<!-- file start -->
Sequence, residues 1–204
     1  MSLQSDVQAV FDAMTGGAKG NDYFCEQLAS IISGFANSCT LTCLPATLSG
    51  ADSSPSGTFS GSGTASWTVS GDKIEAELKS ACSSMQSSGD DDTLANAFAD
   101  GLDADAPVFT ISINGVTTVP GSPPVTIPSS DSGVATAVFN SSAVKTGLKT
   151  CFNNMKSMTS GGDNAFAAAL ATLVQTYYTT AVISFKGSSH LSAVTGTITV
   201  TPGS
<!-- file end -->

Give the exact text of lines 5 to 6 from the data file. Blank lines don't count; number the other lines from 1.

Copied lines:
   151  CFNNMKSMTS GGDNAFAAAL ATLVQTYYTT AVISFKGSSH LSAVTGTITV
   201  TPGS